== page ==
Children

The daughter Justina Emily Ann Fiveash (b 1855) married William Ainslie Mudie, the eldest son of Rev William Henry Mudie, at St Saviour, Glen Osmond in December 1880. They had two sons, and moved to live in Victoria.

William and Justina’s son Algernon James Thomas Fiveash (1861-1902) married Evangeline Sampson at the United Methodist Church, Adelaide in November 1882, and they had one son and four daughters. Algernon, who worked in business with his father, died suddenly at the home he built on Glen Osmond Road at the front of William’s Frewville estate.

Robert Archibald Fiveash (1816-1872)

William’s elder brother Robert Archibald Fiveash (1816-1872), who had arrived on The Planter in 1839, became a businessman and superintendent of the Blinman and Yudanamutana copper-mines. He married Margaret Rees in 1841, and their family home was Gable House in North Adelaide. They had eight children, four of whom died before they were 15 months old.

Children

Their eldest son, John Lodowick Rees Fiveash (1843-1895) soon returned to London, where he was educated and qualified in surveying. After working in South Australia as a licensed surveyor, he joined the brewing firm of Haussen & Co, where he was the book-keeper for 25 years. He became auditor, then councillor, then Chairman of the District Council of Mitcham. John joined a volunteer defence unit early in the 1860s, and steadily rose through the ranks to become Lieutenant-Colonel, commanding the local Artillery Brigade in 1894. He married Eliza Ann Gill in 1865, and the couple had five children at Coromandel Valley and at Prospect, before Eliza died in 1881 at the age of 38. He married Annie Rose Carruthers in 1886, and a year later she gave birth to a daughter at Mitcham.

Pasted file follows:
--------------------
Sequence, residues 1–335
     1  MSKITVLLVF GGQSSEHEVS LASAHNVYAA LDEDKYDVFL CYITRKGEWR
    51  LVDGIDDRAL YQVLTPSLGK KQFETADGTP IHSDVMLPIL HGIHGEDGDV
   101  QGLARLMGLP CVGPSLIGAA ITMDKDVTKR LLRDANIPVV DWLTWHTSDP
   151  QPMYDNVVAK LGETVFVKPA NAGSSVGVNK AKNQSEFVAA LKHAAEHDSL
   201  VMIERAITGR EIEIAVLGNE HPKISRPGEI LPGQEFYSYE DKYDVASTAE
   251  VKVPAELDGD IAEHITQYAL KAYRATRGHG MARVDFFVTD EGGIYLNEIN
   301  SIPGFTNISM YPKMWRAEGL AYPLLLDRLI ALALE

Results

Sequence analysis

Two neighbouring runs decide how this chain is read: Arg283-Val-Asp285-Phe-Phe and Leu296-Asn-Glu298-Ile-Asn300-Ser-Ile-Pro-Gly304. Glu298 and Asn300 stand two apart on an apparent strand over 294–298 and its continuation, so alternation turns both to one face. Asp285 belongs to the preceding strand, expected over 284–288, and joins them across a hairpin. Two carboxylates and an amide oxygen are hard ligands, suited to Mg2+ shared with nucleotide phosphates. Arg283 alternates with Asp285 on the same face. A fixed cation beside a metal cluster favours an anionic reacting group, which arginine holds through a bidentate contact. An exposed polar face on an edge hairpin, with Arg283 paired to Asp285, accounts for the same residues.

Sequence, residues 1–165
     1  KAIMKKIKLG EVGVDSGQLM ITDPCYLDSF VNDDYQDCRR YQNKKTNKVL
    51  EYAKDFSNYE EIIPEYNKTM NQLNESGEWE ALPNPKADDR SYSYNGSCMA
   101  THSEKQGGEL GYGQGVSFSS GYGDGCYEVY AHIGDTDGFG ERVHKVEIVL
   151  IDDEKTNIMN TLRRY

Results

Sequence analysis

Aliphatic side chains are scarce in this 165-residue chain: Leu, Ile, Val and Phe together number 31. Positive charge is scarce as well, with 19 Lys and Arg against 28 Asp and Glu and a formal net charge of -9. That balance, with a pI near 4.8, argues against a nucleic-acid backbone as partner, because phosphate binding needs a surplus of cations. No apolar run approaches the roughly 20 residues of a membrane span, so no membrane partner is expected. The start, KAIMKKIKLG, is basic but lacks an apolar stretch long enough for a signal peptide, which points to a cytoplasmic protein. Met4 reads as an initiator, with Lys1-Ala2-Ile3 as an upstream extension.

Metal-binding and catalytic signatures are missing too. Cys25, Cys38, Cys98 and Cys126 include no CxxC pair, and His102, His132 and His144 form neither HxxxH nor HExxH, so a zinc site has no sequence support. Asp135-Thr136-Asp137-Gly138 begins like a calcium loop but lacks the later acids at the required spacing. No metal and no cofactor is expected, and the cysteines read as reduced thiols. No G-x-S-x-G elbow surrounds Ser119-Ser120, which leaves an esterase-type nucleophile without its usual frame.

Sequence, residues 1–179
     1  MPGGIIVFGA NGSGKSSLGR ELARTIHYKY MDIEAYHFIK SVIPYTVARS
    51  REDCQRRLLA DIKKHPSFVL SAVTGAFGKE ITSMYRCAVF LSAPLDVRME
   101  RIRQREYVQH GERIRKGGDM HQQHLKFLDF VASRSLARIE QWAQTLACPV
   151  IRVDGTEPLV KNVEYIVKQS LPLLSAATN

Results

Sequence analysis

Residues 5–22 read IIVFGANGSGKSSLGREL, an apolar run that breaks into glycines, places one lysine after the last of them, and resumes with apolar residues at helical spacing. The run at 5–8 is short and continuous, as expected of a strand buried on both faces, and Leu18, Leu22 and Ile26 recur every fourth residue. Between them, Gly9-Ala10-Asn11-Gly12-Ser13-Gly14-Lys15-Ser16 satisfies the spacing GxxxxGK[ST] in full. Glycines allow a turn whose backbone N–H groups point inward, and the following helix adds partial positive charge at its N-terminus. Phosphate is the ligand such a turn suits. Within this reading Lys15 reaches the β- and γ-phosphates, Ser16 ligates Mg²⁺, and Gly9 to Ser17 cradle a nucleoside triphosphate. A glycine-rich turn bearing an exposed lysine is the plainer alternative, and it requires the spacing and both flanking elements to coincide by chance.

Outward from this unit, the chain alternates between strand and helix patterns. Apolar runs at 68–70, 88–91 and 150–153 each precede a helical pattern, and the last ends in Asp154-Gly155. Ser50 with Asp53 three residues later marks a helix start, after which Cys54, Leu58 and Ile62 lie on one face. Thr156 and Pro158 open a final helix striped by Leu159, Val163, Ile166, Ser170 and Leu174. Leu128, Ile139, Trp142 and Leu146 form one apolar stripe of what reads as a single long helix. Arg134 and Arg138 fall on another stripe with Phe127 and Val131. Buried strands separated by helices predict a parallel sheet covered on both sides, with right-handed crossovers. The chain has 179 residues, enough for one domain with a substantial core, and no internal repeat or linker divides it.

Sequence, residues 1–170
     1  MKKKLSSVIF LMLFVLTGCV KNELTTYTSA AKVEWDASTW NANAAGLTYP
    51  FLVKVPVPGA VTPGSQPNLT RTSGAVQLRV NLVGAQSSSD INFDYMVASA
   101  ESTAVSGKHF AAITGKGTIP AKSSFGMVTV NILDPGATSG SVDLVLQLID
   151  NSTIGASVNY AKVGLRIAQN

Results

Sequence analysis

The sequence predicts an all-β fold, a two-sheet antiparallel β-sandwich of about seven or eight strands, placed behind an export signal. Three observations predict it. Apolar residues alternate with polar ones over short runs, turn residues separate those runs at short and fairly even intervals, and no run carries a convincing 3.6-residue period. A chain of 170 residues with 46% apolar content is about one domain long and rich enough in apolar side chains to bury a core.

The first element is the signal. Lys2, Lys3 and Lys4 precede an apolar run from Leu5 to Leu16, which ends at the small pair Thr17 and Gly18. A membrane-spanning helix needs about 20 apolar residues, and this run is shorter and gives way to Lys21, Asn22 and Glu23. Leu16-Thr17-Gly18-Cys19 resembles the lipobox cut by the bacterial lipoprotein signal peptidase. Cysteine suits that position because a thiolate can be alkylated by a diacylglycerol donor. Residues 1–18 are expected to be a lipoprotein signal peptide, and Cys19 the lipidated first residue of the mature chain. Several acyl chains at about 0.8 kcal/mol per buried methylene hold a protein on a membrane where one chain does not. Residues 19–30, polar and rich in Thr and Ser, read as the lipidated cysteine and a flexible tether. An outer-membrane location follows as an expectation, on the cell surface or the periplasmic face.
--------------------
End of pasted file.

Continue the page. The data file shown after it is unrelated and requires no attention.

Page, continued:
The second son, Robert Henry Fiveash (b 1846) married Annie Bertha Catchlove, who gave birth to seven children from 1874 to 1884 at Palmerston NT, North Adelaide and Hyde Park.

Robert and Margaret’s youngest child, Rosa Catherine Fiveash (1854-1938) was described as the foremost Australian botanical artist of her day. She specialised in painting Australian flora. and her services were increasingly sought as a versatile illustrator of scientific papers. She collaborated with Dr R S Rogers for thirty years, illustrating his publications on orchids. A portfolio of her flower-paintings so impressed the governor, Lord Tennyson, and Robert Barr Smith that they bought them in 1900 as a gift to the colony. Most of her life's work - beautifully drawn flower portraits in glowing watercolours - is now in the State Library and the South Australian Museum.

Rosa also pioneered china-painting in Adelaide, attending to all stages of the process, including the firing. She was remembered as a little lady of quiet dignity and with a zest for work. Apart from two years overseas, Rosa lived all her life in the family home at North Adelaide with her sister Mary Emily Fiveash (b 1850). They were both unmarried and devout Anglicans.


References

  1. Observer ; Loyau 1885